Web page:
Robert Zubrin

Nota: Este archivo abarca los artículos publicados por el autor desde el 1 de mayo de 2009. Para fechas anteriores realice una búsqueda entrecomillando su nombre.

On May 7, South Korean customs authorities announced they had discovered 17,500 capsules made from the incinerated remains of human fetuses and infants being smuggled into the country from China for sale. Coming in the wake of the high-profile drama concerning the effort of the Chinese government to suppress the voice of the brave, blind anti-population-control activist Chen Guangcheng, this news has placed the issue of the regime’s brutal one-child law forcefully before the conscience of the world. Therefore, a look at the origin and history of this atrocity is in order.

In June 1978, Song Jian, a top-level manager in charge of developing control systems for the Chinese guided-missile program, traveled to Helsinki for an international conference on control-system theory and design.…  Seguir leyendo »

Sunday was Earth Day, the annual jamboree of the green movement held worldwide since 1970. Unfortunately, a review of the accomplishments of the advocates of environmentalism and population control since that spectacular debut shows very little reason to celebrate.

The seminal scriptures of modern-day environmentalism were Rachel Carson’s “Silent Spring,” Paul R. Ehrlich’s “Population Bomb” and the publications of the Club of Rome. While stylistically quite different, these books all served to rally the public around a core anti-human philosophy. As the Club of Rome put it, “The Earth has cancer, and the cancer is man.” Such misanthropic views could only have the most horrific consequences.…  Seguir leyendo »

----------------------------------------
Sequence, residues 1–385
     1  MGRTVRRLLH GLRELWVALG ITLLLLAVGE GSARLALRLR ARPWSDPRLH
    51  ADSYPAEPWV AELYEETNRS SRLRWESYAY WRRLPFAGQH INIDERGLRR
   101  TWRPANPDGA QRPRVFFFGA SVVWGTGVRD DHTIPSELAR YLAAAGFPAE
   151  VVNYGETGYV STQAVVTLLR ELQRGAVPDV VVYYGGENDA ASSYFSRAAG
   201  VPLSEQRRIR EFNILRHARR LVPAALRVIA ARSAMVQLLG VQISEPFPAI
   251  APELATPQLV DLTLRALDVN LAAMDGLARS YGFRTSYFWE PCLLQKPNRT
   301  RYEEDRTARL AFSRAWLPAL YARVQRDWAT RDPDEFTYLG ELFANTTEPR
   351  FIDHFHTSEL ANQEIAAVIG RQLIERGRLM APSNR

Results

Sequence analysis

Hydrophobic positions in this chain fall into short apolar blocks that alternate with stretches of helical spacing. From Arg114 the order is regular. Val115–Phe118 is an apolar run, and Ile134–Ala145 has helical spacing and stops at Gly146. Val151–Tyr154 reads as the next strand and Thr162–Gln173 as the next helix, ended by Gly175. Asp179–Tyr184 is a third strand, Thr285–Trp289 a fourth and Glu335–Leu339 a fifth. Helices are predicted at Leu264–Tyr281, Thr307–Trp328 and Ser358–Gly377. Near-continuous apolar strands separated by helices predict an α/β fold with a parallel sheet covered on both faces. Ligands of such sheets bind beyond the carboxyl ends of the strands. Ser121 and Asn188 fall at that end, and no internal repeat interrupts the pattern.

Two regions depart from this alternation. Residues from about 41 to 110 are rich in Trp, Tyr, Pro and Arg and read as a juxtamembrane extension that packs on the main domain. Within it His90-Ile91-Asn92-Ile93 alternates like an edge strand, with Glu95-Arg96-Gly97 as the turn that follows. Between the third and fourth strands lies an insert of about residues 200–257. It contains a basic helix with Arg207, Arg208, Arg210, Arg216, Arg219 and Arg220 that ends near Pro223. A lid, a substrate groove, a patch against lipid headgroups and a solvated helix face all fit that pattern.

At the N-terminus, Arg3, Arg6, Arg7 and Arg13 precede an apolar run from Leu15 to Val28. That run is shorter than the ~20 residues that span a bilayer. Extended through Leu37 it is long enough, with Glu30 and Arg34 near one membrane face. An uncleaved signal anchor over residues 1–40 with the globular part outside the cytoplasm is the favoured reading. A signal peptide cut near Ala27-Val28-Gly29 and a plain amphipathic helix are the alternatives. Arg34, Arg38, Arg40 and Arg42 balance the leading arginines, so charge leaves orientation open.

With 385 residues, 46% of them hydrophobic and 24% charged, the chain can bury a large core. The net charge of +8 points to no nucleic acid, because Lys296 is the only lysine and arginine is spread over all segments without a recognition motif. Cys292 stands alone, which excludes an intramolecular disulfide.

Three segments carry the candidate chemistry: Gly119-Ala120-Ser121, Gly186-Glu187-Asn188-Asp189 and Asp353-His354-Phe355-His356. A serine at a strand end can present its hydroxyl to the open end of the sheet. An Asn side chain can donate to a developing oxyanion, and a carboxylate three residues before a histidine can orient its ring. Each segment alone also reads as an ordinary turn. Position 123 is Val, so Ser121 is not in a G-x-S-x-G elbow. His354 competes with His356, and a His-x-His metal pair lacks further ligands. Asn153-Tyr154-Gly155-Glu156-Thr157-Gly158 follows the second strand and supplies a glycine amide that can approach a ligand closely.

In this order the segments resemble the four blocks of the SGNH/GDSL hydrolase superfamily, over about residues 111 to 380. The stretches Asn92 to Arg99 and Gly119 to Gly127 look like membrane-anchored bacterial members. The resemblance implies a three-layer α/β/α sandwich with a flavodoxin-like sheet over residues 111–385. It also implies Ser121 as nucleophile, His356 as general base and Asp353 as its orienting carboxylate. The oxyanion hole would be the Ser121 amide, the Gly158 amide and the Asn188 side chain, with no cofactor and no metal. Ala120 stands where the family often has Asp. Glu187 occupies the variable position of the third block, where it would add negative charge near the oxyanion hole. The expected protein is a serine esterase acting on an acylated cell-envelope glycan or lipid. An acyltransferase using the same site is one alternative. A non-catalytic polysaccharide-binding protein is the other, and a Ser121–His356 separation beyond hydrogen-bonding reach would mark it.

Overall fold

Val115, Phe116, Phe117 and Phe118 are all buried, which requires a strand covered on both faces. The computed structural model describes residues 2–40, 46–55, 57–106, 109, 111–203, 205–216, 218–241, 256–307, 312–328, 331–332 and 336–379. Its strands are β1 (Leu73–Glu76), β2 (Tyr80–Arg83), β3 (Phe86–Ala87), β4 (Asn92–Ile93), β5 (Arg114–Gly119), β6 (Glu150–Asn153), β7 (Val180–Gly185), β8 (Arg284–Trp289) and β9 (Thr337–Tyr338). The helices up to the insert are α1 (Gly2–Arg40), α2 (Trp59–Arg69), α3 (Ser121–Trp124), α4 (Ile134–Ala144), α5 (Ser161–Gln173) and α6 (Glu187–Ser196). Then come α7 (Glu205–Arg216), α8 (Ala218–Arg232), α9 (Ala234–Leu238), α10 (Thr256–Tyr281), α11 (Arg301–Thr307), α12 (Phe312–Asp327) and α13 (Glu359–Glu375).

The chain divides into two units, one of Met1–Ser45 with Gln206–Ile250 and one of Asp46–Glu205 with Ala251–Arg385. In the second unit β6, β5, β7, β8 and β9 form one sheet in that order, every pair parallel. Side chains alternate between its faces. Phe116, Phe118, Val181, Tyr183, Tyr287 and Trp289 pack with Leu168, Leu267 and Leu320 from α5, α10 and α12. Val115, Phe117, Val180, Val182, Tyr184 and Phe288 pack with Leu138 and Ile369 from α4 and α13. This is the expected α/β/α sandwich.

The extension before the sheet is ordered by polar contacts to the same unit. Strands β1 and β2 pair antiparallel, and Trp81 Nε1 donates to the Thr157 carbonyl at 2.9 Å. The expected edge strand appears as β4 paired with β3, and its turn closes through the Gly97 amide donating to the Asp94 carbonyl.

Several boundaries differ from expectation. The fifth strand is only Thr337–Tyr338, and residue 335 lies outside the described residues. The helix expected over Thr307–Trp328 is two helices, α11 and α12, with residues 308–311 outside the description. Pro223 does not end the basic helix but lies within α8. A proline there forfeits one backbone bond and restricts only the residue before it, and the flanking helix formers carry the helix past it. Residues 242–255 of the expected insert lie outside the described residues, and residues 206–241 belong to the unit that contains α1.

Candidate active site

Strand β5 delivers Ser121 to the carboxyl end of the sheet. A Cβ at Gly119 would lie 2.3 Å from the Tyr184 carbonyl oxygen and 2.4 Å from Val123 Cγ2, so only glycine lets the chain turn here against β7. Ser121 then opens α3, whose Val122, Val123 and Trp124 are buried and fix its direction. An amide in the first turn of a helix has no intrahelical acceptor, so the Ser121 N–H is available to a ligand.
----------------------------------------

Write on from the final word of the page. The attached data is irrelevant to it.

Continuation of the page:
America’s human spaceflight program is adrift. The space shuttle has made its final flight, and the Obama administration has no coherent plan what to do next. Instead, it has proposed that the United States waste the next decade spending $100 billion to support a goalless human spaceflight effort that goes nowhere and accomplishes nothing. In the face of a mounting imperative to find ways to cut the federal deficit, this has set up the nation’s space program for the ax.

In order for NASA’s human-exploration effort to be defensible, it needs a concrete goal and one that is truly worth pursuing.…  Seguir leyendo »

Le 2 février 2010, l’administration Obama a annoncé une nouvelle politique spatiale. Elle comporte trois décisions essentielles: le subventionnement par la NASA du développement de systèmes privés pour acheminer les astronautes jusqu’à la Station spatiale internationale; l’annulation du programme Constellation consacré au développement des équipements nécessaires aux vols habités vers la Lune; l’abandon du concept de fixation d’objectif de mission pour les vols habités, au profit d’une approche basée sur le financement d’une recherche technologique ayant pour but de permettre une mission qui sera éventuellement choisie plus tard.

La première de ces trois décisions est positive et attendue depuis longtemps. La seconde, considérée en soi, est néfaste mais elle pourrait être bonne si quelque chose de mieux que le programme Constellation était proposé.…  Seguir leyendo »